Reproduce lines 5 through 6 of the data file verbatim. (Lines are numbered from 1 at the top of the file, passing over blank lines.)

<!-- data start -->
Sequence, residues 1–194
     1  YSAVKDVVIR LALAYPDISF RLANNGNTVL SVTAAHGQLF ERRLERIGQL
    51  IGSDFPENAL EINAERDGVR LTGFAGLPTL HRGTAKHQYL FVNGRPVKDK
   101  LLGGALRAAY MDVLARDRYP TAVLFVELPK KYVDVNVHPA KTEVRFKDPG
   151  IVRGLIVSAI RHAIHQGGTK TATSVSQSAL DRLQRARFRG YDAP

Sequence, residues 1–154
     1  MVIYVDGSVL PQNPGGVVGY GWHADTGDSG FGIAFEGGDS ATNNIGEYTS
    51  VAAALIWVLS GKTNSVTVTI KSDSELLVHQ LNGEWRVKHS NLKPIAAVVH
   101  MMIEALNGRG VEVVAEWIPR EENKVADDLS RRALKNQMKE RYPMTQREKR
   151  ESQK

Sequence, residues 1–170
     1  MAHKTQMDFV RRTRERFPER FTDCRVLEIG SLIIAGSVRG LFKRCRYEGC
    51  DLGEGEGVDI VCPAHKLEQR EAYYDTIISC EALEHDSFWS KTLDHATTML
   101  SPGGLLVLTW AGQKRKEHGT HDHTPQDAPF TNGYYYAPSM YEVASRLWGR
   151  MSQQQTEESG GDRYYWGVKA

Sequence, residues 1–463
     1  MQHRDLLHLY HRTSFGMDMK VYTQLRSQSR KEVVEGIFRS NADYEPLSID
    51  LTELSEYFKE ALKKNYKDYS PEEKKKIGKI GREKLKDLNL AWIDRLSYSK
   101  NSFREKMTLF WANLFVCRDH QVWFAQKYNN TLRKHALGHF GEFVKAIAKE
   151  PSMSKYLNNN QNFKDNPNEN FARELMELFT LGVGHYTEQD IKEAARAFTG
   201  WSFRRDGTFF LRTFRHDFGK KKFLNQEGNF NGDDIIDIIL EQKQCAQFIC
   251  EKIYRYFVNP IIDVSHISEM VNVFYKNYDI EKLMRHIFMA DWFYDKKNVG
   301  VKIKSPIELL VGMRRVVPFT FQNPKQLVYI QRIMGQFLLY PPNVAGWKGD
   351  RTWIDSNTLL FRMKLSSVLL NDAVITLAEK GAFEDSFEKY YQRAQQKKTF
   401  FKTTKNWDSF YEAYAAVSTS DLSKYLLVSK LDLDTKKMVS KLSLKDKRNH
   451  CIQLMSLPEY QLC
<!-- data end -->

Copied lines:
   151  IVRGLIVSAI RHAIHQGGTK TATSVSQSAL DRLQRARFRG YDAP

Sequence, residues 1–154